Celebrating the pipe organ, the King of Instruments
February 8, 2006
Why today is there not more organists like Walka, Richter and Biggs? Your Web site also contains very few Italian organs–Vegezzi-Bossi and others are neglected. (I have photos of Italian organs. Are you interested?)
I am concerned that you think today’s organists do not stand up to the likes of Walcha, Richter and Biggs. Yes, they were truly wonderful musicians, and powerful personalities in their time, but we have some to equal them today.
For instance, consider Wolfgang Ruebsam, a pupil of Walcha and Marie-Claire Alain, combining the best aspects of his teachers into a musicianship which is certaily their equal, perhaps even in some ways superior. Wolf teaches at the Hochschule in Saarebruecken and has recorded the complete Bach organ works twice…once on the Philips label when he was still in his twenties (on instruments by Marcussen and Metzler), and more recently for Naxos Records, utilizing a somewhat individual/iconoclastic interpretive approach and playing ‘period’ or ‘period-inspired’ instruments. His is some of the most thoughtful, and provocative, Bach you will ever hear.
Hans Fagius, a Swede who teaches in Denmark, has recorded the ‘complete Bach’ on Swedish Baroque organs for BIS Records…inspired and compelling.
John Butt, an Englishman who teaches in Scotland, may not have recorded the complete Bach, but his playing (of anything, historic or otherwise) is infused with an expressive vitality which was rare in the days of Walcha-Biggs-Richter.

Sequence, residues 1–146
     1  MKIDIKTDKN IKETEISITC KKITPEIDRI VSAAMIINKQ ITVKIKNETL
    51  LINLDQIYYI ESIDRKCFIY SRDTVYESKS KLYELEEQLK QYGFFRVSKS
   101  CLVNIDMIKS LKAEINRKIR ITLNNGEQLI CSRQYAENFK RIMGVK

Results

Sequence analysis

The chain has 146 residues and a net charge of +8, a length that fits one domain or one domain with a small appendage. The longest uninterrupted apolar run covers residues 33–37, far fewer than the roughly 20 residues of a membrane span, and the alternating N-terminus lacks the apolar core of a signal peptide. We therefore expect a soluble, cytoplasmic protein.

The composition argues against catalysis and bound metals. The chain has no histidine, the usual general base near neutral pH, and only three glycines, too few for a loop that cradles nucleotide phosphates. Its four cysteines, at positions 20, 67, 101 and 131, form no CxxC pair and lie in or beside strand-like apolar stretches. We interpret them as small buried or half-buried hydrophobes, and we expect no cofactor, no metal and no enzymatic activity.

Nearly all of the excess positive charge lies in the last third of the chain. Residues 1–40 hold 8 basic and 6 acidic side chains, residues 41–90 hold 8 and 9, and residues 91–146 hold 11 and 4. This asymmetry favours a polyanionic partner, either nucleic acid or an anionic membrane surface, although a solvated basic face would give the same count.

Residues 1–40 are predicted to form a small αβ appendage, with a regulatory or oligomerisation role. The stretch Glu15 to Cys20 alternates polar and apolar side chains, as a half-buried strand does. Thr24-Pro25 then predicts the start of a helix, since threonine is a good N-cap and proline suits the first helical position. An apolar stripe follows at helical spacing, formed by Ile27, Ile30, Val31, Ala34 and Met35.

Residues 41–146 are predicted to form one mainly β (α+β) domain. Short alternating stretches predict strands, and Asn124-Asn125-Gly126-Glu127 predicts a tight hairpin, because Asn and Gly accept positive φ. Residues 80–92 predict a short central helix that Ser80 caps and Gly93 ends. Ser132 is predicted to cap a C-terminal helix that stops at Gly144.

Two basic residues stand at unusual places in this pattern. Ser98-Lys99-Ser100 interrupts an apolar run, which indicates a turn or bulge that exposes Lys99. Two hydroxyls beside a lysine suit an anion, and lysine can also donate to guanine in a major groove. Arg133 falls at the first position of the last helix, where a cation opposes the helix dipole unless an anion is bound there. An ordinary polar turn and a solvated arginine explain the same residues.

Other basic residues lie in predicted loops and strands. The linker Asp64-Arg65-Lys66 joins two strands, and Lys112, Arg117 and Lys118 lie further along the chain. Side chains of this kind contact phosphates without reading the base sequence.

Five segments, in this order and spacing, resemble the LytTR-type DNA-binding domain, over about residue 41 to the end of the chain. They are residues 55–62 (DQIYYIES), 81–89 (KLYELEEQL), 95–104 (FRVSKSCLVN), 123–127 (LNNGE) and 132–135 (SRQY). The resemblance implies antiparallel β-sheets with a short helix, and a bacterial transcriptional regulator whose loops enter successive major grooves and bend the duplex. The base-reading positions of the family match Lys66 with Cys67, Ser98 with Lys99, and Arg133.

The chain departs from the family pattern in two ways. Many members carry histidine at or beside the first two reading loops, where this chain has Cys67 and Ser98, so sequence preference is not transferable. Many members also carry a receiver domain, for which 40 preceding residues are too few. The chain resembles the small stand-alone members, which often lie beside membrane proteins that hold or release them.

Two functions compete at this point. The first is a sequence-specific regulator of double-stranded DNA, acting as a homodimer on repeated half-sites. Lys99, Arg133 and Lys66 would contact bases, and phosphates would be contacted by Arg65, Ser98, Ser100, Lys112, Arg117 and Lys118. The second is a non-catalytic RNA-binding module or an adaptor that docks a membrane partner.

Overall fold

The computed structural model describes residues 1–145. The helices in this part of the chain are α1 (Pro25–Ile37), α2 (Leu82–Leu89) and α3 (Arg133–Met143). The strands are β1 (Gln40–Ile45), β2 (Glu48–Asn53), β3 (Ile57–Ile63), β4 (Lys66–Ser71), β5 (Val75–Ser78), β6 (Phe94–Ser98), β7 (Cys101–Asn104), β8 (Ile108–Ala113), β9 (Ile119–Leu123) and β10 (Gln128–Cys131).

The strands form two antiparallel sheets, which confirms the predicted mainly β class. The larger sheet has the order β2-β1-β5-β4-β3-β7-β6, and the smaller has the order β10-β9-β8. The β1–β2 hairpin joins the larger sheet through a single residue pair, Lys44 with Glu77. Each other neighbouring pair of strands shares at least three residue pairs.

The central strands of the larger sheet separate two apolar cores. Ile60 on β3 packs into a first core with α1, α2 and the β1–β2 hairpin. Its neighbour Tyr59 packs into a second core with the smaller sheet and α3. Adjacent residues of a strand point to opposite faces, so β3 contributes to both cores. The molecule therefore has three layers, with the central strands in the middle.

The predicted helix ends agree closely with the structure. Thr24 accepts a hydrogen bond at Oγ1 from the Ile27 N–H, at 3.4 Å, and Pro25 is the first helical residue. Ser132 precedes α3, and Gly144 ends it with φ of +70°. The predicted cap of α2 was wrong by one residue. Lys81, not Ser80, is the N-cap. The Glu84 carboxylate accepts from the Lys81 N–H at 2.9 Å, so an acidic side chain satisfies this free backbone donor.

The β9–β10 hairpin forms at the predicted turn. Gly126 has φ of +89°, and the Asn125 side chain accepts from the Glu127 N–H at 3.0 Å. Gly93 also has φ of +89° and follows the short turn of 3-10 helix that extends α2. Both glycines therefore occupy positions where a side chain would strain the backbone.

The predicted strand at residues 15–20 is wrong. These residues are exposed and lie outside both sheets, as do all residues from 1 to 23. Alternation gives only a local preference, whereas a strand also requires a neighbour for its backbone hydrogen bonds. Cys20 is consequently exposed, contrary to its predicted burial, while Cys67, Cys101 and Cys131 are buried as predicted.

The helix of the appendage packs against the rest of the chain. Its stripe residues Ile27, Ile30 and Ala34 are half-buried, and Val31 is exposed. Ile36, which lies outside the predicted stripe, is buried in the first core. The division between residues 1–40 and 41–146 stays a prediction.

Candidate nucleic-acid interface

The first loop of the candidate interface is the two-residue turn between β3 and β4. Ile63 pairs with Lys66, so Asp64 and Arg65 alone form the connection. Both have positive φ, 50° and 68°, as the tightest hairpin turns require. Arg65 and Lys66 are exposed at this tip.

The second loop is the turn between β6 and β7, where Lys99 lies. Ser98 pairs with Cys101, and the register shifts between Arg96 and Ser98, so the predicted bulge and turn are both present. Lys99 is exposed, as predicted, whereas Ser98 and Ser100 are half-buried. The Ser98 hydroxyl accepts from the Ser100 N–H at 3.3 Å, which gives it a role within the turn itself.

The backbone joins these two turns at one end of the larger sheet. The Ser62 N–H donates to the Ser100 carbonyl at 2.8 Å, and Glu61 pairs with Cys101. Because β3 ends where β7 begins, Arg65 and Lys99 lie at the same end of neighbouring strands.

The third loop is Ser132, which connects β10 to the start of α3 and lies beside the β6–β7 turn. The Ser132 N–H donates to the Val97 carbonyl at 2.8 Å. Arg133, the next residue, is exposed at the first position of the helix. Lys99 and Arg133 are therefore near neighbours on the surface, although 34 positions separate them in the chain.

There are many other admirable performers whose playing ‘moves the soul’, too many to list.
I visited Italy two years ago, and was impressed by the number of restorations we saw (and intrigued by the new-built organs from Italian craftsmen). The work of Luigi Tagliavini and Umberto Pineschi, and younger players such as Sergio Vartolo, Renaldo Allesandrini, Fabio Bonizzoni, Massimo Nosetti and Lieuwe Tamminga indicate to me that there is much interest in Italian organ music, old and new.
Yes, some American organ builders are at the forefront of artistic design, but I expect that some Italians are, particularly in the matter of sensitive restorations, doing important work, too.
Remember, the organ culture in Italy has always (historically) taken a back seat to instrumental and operatic concerns. I doubt that things will change all that much. Evenso, there are many delights to be enjoyed in the present Italian organ scene (at least from my perspective).
As for pictures, we post mostly photos relating to instruments in programs we have produced/aired. If you have better photos, by all means send them along.